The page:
Still, Porzingis will become an unrestricted free agent someday – 2020 in the unlikely event he accepts his qualifying offer or a future year if he signs a multi-year deal this summer. It’s probably best to file away this list until then.

Kyrie Irving on video with Kevin Durant: ‘Me and one of my best friends talking’

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The Knicks opened double-max cap space for next summer. Kevin Durant‘s company is moving to a new office in New York. Kyrie Irving backed away from his commitment to re-sign with the Celtics.

Plenty of people were already connecting dots when this video emerged of Durant and Irving talking at the All-Star game (in which, not for nothing, they jelled).

Ben Stinar of Amico Hoops:

Irving, via MassLive (warning: language in the above video):

It’s just crazy. This is the stuff that just doesn’t make the league fun. It doesn’t make the league fun. Nobody helps promote the league even more by doing bulls— like that, of just putting fictitious things on what we’re talking about. It’s crazy.

It’s a video of me and one of my best friends talking. And then it turns out to be a dissection of a free agency meeting? Do you get that? Like, do you get that? And then I’m asked questions about it? That’s what disconnects me from all that s—.

That wasn’t a denial.

Still, it’s hard to believe Durant and Irving really discussed free agency in a hallway with so many people passing. There are far more discreet places to have that conversation.

Like a restaurant in Miami where they were spotted together:

I understand Irving’s exasperation with this, just as I understood Durant’s testiness over constant speculation. They should be allowed to spend time together as friends without it turning into a bigger deal.

But there is immense interest in where they play next year. People will continue to search for clues – some that prove insignificant, some that might prove significant – about the stars’ futures.

So, I’m at least glad Irving addressed this. It’s going to get discussed either way. Better for him to enter his perspective into the conversation.

Report: Hawks didn’t clear John Collins’ airplane dunk until shortly before dunk contest

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There were two memorable dunks in this year’s dunk contest:

The Hawks nearly stopped us from seeing that latter spectacle.

Brian Windhorst of ESPN on Saturday:

Now, there’s a little curve ball here. The last update that I had was that the Hawks hadn’t approved John Collins jumping over an airplane yet and that they were a little bit were worried that he was going to trip on it and injure himself.

After watching the dunk, I understand the Hawks’ reluctance. Collins broke the plane!

At least he seemingly emerged unscathed.

Report: Pelicans interim GM Danny Ferry trying to convince NBA to soften stance on Anthony Davis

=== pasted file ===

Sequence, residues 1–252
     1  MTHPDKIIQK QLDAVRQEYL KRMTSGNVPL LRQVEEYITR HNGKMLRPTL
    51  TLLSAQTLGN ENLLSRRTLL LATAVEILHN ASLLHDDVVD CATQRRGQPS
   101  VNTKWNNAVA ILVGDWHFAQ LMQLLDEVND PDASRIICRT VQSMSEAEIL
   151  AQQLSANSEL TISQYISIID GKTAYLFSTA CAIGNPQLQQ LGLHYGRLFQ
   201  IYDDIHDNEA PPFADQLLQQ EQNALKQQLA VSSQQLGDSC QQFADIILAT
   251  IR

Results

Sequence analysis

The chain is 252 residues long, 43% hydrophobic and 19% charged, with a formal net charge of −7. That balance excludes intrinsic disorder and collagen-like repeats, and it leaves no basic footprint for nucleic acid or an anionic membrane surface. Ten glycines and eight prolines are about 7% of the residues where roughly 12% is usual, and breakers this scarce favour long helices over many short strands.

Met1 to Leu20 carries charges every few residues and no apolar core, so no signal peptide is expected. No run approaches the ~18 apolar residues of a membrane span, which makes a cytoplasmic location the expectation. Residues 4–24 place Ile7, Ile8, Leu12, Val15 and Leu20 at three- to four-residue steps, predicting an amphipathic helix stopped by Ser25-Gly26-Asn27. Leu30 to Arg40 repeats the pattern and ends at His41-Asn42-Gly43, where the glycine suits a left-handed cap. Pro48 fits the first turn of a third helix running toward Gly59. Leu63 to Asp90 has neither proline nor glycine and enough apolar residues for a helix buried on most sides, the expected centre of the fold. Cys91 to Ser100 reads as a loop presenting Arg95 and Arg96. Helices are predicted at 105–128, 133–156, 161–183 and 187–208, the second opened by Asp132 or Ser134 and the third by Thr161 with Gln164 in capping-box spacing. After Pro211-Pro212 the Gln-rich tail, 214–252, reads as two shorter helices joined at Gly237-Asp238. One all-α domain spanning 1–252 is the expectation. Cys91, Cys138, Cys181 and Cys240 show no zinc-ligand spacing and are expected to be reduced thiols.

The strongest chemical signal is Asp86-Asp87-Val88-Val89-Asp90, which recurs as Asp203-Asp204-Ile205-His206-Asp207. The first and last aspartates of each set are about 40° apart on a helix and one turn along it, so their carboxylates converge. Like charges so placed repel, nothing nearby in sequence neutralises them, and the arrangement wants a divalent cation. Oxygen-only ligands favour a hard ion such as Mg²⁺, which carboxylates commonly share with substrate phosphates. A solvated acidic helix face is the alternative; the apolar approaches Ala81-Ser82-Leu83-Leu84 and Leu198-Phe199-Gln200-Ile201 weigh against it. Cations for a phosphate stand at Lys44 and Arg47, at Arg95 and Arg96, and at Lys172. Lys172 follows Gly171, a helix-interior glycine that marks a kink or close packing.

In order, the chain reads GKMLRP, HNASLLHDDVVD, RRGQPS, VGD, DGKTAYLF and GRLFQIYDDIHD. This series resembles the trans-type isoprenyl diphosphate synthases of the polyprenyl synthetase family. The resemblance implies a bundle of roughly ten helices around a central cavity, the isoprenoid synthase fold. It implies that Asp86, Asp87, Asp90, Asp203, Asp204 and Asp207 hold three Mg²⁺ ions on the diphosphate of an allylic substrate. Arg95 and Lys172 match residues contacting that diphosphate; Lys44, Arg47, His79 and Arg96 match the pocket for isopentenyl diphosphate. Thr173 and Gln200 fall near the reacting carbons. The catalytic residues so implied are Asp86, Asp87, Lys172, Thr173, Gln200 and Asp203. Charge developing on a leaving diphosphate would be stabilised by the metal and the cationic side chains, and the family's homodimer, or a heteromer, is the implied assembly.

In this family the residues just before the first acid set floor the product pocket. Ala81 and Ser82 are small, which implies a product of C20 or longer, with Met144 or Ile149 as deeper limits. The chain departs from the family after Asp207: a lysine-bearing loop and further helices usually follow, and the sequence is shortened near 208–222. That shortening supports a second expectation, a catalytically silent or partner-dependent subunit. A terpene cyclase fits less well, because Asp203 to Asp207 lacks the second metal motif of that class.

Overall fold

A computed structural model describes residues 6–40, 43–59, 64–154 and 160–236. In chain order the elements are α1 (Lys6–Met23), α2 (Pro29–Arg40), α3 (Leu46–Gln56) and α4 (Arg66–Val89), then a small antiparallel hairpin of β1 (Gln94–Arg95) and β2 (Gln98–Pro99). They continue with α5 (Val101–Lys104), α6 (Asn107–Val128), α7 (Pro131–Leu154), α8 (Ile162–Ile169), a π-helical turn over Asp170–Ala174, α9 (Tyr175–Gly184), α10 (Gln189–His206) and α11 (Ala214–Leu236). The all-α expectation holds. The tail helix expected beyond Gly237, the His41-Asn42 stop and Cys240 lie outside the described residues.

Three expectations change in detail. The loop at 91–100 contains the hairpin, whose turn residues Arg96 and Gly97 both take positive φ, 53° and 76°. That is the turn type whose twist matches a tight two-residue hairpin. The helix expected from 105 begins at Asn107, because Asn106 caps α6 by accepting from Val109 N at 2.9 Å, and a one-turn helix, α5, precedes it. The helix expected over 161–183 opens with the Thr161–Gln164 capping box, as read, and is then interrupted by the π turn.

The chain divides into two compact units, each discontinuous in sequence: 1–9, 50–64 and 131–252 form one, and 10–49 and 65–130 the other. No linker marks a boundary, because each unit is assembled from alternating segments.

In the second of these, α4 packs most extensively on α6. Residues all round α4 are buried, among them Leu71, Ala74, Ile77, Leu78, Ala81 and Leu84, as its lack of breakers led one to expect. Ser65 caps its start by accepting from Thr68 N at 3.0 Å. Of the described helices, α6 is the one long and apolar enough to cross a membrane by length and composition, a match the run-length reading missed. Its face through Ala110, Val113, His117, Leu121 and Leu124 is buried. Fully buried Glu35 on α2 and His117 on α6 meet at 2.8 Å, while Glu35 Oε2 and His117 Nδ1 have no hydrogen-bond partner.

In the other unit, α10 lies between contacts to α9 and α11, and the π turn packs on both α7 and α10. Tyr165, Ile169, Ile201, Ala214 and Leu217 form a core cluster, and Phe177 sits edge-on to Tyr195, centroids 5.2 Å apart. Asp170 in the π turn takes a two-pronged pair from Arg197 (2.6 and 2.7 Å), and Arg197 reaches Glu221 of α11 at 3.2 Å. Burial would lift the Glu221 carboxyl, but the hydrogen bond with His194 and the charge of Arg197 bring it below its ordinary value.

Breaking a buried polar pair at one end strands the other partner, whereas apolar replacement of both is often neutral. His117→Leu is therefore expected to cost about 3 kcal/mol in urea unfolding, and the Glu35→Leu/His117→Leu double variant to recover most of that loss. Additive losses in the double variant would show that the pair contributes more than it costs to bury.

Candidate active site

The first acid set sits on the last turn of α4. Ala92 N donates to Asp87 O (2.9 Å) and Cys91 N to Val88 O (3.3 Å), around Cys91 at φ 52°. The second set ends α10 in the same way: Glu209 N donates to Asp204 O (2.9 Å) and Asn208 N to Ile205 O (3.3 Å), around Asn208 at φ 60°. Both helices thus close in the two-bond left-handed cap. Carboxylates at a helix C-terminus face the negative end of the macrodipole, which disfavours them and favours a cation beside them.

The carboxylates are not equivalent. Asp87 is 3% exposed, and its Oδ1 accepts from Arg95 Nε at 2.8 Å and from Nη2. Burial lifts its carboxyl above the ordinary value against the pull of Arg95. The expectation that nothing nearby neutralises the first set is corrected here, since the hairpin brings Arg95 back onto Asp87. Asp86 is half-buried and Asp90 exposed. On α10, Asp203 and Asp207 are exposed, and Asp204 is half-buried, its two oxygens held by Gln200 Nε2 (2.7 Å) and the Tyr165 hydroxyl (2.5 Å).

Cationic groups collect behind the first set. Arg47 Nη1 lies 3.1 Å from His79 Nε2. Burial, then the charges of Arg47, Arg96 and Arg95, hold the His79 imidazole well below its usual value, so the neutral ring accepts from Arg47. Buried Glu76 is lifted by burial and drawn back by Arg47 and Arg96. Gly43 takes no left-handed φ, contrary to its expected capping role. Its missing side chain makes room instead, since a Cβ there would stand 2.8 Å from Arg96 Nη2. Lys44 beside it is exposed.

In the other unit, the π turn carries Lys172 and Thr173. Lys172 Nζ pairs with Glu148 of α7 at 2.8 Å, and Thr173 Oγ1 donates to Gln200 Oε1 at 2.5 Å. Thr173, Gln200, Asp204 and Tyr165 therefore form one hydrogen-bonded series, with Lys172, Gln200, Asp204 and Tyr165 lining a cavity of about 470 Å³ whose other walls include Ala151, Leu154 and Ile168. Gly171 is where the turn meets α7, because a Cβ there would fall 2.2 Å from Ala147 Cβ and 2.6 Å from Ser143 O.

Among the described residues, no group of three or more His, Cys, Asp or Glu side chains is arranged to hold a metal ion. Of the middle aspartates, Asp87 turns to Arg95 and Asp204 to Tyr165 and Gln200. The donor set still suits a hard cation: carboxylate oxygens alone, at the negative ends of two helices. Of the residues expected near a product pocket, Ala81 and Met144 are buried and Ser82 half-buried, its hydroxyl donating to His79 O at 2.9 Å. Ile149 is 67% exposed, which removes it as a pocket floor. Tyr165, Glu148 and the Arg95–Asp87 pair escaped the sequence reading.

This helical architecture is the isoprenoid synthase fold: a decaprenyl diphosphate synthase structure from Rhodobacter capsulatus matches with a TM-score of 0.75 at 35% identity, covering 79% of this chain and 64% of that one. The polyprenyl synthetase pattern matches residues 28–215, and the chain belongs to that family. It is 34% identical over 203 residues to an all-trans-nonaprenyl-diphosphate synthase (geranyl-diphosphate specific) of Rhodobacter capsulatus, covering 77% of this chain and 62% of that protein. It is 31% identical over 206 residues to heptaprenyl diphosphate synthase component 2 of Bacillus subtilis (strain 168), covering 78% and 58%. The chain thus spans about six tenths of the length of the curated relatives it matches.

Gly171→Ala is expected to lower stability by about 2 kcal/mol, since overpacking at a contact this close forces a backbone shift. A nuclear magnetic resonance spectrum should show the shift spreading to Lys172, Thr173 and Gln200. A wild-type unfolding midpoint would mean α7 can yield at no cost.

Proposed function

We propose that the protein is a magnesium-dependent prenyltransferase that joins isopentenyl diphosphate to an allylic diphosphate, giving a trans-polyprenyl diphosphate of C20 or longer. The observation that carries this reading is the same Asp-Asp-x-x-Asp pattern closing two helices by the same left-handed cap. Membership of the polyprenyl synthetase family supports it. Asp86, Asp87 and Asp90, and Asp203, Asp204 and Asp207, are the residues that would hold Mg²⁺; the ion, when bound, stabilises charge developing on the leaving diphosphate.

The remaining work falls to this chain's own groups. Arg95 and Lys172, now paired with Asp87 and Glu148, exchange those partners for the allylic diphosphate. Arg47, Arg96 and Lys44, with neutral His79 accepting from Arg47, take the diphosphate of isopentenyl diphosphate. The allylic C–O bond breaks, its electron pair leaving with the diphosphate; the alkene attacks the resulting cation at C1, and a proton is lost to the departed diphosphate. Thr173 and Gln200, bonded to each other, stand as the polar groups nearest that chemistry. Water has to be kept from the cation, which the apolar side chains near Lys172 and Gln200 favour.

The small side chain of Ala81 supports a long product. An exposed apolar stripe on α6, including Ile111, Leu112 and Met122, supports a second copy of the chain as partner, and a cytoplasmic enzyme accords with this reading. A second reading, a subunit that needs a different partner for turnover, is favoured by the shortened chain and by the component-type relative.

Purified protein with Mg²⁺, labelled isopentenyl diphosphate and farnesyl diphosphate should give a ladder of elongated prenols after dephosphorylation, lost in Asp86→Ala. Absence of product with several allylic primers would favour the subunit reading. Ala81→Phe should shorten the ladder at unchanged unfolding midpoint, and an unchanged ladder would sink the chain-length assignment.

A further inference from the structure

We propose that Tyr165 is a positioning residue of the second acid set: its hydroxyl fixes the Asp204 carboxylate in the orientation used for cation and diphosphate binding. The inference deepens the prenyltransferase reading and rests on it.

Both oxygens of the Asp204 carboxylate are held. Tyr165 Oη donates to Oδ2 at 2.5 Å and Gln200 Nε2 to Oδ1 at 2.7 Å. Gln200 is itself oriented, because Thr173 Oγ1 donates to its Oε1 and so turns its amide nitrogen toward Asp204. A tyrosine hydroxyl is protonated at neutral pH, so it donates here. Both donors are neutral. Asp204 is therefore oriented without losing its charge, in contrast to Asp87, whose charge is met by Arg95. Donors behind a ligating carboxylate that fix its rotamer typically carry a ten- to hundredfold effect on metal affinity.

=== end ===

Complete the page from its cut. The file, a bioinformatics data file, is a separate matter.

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The NBA reportedly threatened to fine the Pelicans if they sat a healthy Anthony Davis.

Then, Davis got booed by New Orleans fans. He got injured in another game. The Pelicans fired Dell Demps as general manager and elevated Danny Ferry to interim general manager.

New Orleans is reportedly uncertain how to handle Davis the rest of the season. But a key step to changing course is gaining NBA approval, and that’s apparently what Ferry is seeking.

Marc Stein of The New York Times:

There were strong signals in Charlotte that the Pelicans — with Danny Ferry now serving as their acting general manager in the wake of Friday’s firing of Dell Demps — intend to re-engage the N.B.A. this week in hopes of convincing league officials to rethink their stance about forcing them to play Davis.

A big question: What does Davis want? He failed to give a straight answer about about his long-term future, but maybe he can explain his desire for just the rest of this season. He previously said he wanted to play, but that was before he got booed and hurt – developments that could change his thinking.

If Davis wants to keep playing, the players’ union could take up his cause. That might not be a fight the league wants.

Heck, the league might still want Davis to keep playing, regardless. The injury risk was real when the league handed down its initial edict. Unemotionally, Davis’ shoulder scare shouldn’t change the calculus. Davis is in the midst of a great season. Him being a healthy scratch for a month-and-a-half would be a black mark for the NBA.

But NBA commissioner has had Ferry’s back before, even reportedly urging the Bucks to consider him for general manager after Ferry made a racist remark that ended his Hawks tenure. Maybe Ferry will convince the league in a way Demps couldn’t.

If so, attention to will turn to Davis and his desire to keep playing.